Inaguration of Sweden's first cyber campus
The need for increased cyber security is growing exponentially. The Swedish government is investing just over SEK 100 million in the coming years in Cybercampus Sweden, an initiative inaugurated today at KTH Royal Institute of Technology. The purpose of the investment is to strengthen both the supply of skills and research in cyber security. Minister for Education Mats Persson and Minister for Civil Defense Carl-Oskar Bohlin attended the opening ceremony.
Cybercampus Sweden is a national initiative and a collaboration between universities, universities of applied sciences, institutes, authorities and companies across Sweden. Cybercampus Sweden aims to enable groundbreaking research, innovation and education for cybersecurity and defense beyond what is possible for individual organizations to achieve. The initiative will meet needs that are not addressed by any of the other actors in the cybersecurity field, strengthening both society's resilience and Sweden's competitiveness.
David Olgart is the director of Cybercampus Sweden. With Cybercampus Sweden, he explains, Sweden will be able to develop the same skills supply, research and innovation in cyber security to countries such as Switzerland, Germany and France. “We can now apply the results developed from the planning work, which has been crucial in addressing all the wise views expressed in workshops and meetings with stakeholders from all over Sweden”, says Olgart.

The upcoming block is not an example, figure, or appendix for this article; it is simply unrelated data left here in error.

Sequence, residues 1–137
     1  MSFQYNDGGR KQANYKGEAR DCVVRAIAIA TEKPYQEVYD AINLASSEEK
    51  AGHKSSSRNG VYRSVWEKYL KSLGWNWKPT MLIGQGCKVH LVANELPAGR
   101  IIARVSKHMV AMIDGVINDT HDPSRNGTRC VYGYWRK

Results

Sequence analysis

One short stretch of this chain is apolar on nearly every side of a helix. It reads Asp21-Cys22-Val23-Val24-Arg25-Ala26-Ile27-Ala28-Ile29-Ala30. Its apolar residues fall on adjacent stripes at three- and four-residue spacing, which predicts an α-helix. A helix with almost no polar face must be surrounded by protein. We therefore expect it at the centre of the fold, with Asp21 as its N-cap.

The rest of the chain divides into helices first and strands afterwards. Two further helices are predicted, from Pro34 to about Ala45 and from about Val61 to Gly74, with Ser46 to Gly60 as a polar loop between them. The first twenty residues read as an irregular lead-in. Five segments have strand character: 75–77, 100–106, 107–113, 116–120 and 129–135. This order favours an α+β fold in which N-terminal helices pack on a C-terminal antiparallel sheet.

Staff recruitment will begin immediately in order to establish Cybercampus Sweden as a national education and research environment. Work on detailing the roadmap going forward on education and joint research initiatives is also progressing.
What will happen in the longer term?
“The deteriorating international situation and recent cybersecurity incidents show the importance of having a meeting place where we can share expert advice and have discussions on the complex challenges we face. This is necessary to contribute to a resilient and cybersecure digitalized Sweden. It is therefore important to establish partnerships that ensure access to interdisciplinary skills and resources from all over Sweden," says Olgart.
Text: Peter Asplund